Applied Biosystems/MDS SCIEX announces new proteomics tools for biomarker research
02 May 2007

Applied Biosystems, an Applera Corporation business, and its joint venture partner, Sciex, a division of MDS Inc.’s Analytical Technologies business, have announced a new instrument system and software designed to assist the growing number of life scientists involved in biomarker research.

An updated release of the Applied Biosystems/MDS SCIEX 4800 MALDI TOF/TOF™ mass spectrometer and enhancements to ProteinPilot™ software, which augments the performance of the 4800 Plus, are expected to help scientists gain deeper quantitative insight into the study of proteomics.

The study of protein biomarkers is important to life scientists because the identification of biomarkers can indicate the presence and progression of a variety of diseases or response to drugs. Central to this research is the science of proteomics, through which thousands of proteins in a biological sample - e.g. tissues, cells, serum, urine, cerebrospinal fluid - can be analysed in the same experiment to obtain a snapshot of the proteome. To discover new biomarker candidates, these snapshots need to be compared quantitatively against other samples, such as healthy versus diseased samples, so the complex differences that exist in biological systems can be found and exploited.

The discovery of protein biomarkers requires large numbers of sample sets and simplified data output produced on proteomics research platforms. Much biomarker research is conducted by biological scientists who are not necessarily proteomics experts. The new advancements from Applied Biosystems/MDS SCIEX are designed to enable non-expert instrument users to achieve higher throughput sample processing, greater depth of proteome coverage, greater statistical rigor, more confident protein detection, and better quantitative results.

Earlier versions of some of these products are helping translational medicine researchers at Cornell University, USA, to complete a biomarker study of Alzheimer's disease. Using proteomics products from Applied Biosystems/MDS SCIEX, the study identified 23 biomarker candidates that were associated with the presence of Alzheimer's disease and may provide links to the pathological mechanisms of the disease. The scientists involved in the study cited the discovery as a potential breakthrough. Currently, there are no definitive tests available for the diagnosis of the disease in living subjects, with confirmation of its existence normally being made after the death of a patient.

"We set out to better diagnose Alzheimer's disease, and the Applied Biosystems/MDS SCIEX joint venture provided powerful proteomics tools to help identify the biomarker candidates from cerebrospinal fluid," said Kelvin Lee, a Cornell professor of chemical and biomolecular engineering. "Our research uncovered new candidate biomarkers as a first step. The next step in biomarker research is to validate what we found as relevant, so it may someday translate into a real advancement in the medical treatment of Alzheimer's disease."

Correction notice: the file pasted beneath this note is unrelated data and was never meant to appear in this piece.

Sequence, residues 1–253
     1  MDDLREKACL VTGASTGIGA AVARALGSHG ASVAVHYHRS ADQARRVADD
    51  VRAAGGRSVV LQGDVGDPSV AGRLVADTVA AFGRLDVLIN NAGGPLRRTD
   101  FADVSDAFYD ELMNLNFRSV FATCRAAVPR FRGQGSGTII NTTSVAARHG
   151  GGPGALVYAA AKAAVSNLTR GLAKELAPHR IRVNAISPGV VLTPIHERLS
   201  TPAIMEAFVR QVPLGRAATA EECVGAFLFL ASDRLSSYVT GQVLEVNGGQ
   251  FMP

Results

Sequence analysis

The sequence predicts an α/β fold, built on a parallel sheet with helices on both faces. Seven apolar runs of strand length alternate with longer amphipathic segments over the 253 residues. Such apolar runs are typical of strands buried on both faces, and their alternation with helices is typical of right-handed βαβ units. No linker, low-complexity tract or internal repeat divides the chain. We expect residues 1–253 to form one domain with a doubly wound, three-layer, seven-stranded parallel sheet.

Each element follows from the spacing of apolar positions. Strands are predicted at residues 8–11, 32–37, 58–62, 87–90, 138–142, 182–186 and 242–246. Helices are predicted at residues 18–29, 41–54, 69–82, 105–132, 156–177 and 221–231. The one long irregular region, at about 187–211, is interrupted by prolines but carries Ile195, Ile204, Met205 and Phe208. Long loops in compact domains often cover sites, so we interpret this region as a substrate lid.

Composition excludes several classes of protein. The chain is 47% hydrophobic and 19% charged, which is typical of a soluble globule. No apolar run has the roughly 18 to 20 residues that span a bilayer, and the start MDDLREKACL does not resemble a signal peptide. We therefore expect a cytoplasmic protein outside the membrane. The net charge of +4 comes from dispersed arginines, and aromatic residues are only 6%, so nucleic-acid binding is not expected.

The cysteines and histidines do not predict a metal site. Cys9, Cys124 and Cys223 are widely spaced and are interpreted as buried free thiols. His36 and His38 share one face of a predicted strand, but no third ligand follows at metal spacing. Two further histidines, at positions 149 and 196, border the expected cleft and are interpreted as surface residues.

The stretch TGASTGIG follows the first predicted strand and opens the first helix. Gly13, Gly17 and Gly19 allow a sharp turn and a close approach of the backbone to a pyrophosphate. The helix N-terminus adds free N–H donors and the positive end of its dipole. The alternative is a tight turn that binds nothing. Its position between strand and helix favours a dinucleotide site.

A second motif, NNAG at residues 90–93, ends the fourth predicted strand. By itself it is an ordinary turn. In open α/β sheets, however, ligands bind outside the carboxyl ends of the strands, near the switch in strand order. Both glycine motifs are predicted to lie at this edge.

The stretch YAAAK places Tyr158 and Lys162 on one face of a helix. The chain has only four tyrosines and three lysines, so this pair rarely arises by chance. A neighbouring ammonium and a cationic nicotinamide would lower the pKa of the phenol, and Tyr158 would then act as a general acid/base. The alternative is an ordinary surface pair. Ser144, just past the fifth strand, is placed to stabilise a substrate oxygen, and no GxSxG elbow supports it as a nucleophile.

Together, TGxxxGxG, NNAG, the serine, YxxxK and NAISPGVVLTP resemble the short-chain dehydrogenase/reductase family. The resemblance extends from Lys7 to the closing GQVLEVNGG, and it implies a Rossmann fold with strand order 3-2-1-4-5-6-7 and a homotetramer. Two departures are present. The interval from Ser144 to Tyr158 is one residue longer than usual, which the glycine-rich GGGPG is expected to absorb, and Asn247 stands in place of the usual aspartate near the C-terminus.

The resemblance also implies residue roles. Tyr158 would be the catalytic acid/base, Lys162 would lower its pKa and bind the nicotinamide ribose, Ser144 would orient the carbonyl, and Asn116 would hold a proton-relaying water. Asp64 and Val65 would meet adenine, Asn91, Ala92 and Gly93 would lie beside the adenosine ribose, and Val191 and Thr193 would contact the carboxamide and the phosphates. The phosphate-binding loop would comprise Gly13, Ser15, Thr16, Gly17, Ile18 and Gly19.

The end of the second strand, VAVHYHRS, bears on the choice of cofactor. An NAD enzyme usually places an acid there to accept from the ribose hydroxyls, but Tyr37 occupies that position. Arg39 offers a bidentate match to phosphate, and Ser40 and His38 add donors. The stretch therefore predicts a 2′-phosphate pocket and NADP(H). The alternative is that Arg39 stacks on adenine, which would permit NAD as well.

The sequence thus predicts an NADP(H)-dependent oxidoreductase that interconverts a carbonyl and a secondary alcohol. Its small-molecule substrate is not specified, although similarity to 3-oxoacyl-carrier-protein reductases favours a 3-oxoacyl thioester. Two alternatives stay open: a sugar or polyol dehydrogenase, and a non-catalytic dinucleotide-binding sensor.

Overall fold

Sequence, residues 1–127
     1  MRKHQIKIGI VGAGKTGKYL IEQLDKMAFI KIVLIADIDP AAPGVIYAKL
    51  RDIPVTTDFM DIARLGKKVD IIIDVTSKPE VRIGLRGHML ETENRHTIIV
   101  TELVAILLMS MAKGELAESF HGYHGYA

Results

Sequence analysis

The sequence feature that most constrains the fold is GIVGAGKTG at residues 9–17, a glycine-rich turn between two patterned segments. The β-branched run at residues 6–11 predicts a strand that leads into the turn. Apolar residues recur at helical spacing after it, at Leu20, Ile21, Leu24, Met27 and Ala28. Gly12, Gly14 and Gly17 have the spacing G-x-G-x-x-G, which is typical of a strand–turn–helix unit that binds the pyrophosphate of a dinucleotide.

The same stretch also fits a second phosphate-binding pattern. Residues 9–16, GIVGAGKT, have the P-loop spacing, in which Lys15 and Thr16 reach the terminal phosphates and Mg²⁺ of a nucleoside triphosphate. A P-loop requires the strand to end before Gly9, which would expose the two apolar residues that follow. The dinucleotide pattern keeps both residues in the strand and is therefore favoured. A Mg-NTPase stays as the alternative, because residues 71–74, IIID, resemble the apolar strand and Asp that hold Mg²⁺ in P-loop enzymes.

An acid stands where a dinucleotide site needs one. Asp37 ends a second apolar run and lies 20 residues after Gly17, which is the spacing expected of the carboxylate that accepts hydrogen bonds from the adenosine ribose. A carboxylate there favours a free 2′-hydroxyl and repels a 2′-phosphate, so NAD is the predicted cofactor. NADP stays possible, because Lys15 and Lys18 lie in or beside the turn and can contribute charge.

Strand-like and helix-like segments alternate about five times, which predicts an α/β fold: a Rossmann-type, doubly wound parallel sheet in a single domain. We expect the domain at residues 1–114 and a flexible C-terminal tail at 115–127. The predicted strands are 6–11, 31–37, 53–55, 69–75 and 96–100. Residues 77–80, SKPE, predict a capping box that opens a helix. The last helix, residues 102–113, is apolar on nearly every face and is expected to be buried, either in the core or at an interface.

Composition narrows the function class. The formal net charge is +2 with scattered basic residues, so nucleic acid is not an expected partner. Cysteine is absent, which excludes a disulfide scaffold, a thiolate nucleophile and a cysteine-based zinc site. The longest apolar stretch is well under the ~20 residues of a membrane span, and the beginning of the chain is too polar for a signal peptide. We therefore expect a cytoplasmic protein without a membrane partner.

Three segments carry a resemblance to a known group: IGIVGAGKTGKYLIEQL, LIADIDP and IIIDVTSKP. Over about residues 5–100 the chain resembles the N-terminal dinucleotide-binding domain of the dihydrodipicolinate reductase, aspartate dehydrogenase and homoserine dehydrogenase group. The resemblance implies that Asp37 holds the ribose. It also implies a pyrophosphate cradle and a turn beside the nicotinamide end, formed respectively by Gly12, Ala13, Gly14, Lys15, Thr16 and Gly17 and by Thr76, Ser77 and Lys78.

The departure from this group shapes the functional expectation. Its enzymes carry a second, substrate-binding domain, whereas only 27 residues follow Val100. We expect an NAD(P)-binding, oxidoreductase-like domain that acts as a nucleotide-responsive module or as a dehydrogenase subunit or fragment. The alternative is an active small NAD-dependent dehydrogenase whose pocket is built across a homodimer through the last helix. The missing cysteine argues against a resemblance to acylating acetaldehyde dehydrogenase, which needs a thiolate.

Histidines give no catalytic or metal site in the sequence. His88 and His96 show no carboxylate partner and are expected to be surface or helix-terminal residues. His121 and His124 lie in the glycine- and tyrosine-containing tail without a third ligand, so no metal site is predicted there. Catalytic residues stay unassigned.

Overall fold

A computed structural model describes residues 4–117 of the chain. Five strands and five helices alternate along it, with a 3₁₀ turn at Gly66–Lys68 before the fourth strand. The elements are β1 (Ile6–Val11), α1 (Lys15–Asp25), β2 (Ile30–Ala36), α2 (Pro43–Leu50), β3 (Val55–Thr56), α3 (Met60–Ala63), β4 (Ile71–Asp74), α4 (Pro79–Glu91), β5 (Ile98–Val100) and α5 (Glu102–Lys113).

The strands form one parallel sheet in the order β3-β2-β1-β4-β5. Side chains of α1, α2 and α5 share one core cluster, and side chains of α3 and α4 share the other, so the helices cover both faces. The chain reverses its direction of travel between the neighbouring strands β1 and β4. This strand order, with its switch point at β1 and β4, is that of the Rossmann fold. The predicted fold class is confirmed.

New proteomic tools
The new proteomics tools from Applied Biosystems/MDS SCIEX joint venture include:

The 4800 Plus MALDI TOF/TOF™ Analyzer – This system is a proteomics analyser that can identify thousands of proteins in a biological sample. The enhancements from the previous version of the system provide an improved platform to better support the larger sample studies that proteomics researchers are moving towards, especially for biomarker discovery.

New version of ProteinPilot™ Software – ProteinPilot software is designed to maximise the information that can be obtained from the combination of the 4800 Plus and Applied Biosystems iTRAQ® reagents. It delivers more accurate protein detection, easier manageability and broader support for quantitation, thereby providing greater confidence in the results.

These latest tools are designed to be compatible with the future commercial release of the 8-plex version of Applied Biosystems iTRAQ reagents, a labelling chemistry allowing scientists and biologists to quantitatively compare proteins between samples. The 8-plex version of these reagents is expected to increase the number of samples that can be compared simultaneously, providing higher throughput, better accuracy and greater statistical confidence in research results.

“Biomarker research has the potential to change the face of healthcare,” said Laura Lauman, president for Applied Biosystems’ proteomics and small molecule division. “The latest enhancements of our portfolio provide powerful tools that deliver higher throughput for analysing more samples and identifying higher quality biomarker candidates.”

The Applied Biosystems/MDS SCIEX Instruments joint venture, which has existed for the past 20 years between Applied Biosystems and MDS Inc., continues to expand its broad portfolio of mass spectrometry-based technologies and systems that enable new advancements in research laboratories in biotechnology, biomedical and pharmaceutical fields.

“Sciex and Applied Biosystems are playing a leadership role in enabling more advanced research by our development of these innovative and reliable tools in the growing area of biomarker research,” said Andy Boorn, president for MDS Analytical Technologies. “We are committed to delivering the right combination of instruments and software to help move the biomarker research forward by facilitating the integration of the scientists’ efforts.”

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